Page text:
R3ACT : Phase I/II clinical trial to assess the safety and biological efficacy of treatment with virus-specific, cytotoxic T-lymphocytes from partially matched third-party unrelated donors, in stem cell transplant patients with viral reactivation unresponsive to standard therapy (Other ID's: U1111-1140-8324 )

Male or<br/>FemaleGender Male or
Female

CompletedStatus Completed

Systemic<br/>Therapy TrialTypeSystemic
Therapy Trial

One/TwoPhase One/Two

0-75Age 0-75

Blood<br/>CancersCancer LocationBlood
Cancers

Systemic therapy | Blood / Myeloma / LymphomaLeukaemia,Lymphoma,Multiple Myeloma,

Trial Overview Read MoreRead more

This phase I/II trial is evaluating the utility of T-Lymphocyte infusions in stem cell transplant patients who are unresponsive to standard therapy.
 

This trial is treating patients with no response to standard therapy.

This is a systemic therapy trial.

You may be able to join this trial if:

  • You have had treatment but your cancer has gotten worse or has not responded to the treatment you have been given.

You may be excluded from this trial if:

  • You have a certain disease or psychological condition.
  • You have had certain treatments, surgical procedures or drugs.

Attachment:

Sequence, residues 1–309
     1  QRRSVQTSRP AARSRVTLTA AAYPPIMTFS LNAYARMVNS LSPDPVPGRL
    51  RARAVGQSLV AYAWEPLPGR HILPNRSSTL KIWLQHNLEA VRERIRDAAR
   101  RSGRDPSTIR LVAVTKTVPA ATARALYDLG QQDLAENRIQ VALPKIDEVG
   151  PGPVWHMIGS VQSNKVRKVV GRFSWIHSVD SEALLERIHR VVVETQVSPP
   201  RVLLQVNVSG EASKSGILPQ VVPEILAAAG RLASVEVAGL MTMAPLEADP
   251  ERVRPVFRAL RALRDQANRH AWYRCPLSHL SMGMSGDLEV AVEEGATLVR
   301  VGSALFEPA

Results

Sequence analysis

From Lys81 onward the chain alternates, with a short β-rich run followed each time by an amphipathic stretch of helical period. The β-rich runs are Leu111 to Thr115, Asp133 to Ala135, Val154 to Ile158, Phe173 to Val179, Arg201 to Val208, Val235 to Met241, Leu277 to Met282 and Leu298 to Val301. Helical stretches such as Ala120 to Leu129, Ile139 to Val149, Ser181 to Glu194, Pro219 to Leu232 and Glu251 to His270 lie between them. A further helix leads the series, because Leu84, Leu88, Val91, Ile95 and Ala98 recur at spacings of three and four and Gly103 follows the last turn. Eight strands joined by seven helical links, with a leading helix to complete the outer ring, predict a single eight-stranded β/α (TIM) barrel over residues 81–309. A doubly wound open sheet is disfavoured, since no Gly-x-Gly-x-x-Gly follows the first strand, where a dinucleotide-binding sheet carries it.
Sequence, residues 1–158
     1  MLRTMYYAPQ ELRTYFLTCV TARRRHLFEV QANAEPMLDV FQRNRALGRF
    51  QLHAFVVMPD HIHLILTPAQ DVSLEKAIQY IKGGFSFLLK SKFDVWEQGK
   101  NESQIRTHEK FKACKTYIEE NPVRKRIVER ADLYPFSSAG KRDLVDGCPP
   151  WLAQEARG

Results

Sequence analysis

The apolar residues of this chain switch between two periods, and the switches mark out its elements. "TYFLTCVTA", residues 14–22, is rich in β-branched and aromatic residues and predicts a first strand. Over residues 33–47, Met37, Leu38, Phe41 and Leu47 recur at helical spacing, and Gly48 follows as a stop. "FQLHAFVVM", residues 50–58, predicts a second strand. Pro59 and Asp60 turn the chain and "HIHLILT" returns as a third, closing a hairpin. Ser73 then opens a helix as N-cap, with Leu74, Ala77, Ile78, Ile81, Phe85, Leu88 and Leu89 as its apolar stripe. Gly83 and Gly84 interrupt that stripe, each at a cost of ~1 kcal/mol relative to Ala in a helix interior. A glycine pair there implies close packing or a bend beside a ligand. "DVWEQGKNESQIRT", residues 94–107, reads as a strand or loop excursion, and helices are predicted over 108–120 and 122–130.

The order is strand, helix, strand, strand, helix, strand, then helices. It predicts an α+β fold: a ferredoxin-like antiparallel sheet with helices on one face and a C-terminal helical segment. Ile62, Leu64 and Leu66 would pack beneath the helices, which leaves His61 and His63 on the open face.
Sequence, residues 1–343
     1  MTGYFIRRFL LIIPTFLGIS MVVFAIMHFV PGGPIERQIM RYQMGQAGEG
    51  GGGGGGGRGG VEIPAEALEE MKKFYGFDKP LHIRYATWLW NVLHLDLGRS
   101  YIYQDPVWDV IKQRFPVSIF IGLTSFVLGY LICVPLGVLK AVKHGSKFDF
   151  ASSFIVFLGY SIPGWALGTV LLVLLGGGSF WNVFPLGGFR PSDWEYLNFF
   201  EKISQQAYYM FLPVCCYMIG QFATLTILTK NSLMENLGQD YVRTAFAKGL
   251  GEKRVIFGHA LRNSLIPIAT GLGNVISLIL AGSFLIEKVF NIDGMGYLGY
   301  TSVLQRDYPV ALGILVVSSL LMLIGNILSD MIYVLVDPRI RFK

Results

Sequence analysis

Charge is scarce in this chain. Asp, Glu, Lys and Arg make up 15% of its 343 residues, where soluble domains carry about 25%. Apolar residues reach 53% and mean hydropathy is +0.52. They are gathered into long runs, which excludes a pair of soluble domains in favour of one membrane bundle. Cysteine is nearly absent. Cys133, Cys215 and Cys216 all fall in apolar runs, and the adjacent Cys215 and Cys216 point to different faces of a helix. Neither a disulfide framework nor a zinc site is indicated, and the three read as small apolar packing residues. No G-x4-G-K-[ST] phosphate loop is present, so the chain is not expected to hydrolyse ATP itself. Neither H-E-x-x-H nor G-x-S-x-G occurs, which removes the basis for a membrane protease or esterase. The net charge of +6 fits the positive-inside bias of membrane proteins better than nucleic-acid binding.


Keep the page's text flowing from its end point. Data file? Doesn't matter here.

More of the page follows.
Clinical trials have complex eligibility criteria - talk to your doctor about your interest in this trial.

Clinical Summary Read MoreRead more

Trial Identifiers

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Scientific Title

Phase I/II clinical trial to assess the safety and biological efficacy of treatment with virus-specific, cytotoxic T-lymphocytes from partially matched third-party unrelated donors, in stem cell transplant patients with viral reactivation unresponsive to standard therapy (Other ID's: U1111-1140-8324 )

Other Non-Commercial Sponsor

Western Sydney Local Health Districit

Summary

To assess the safety and efficacy of providing partially HLA matched, third party donor-derived, EBV/CMV/adenovirus-specific cytotoxic t-cells, to allogeneic stem cell/marrow transplant patients who have developed post-transplant viral infections unresponsive to standard therapy. It is hypothesised that virus-specific t-cells infusions will improve or restore the virus-specific immunity of the transplant patient in a safe manner without precipitating graft versus host disease.

Not Recruiting Hospitals Read MoreRead more

Completed

PCCTU (Parkville Cancer Clinical Trials Unit) *
Parkville
Ms Marian Lieschke
marian.lieschke@petermac.org
03 8559 7140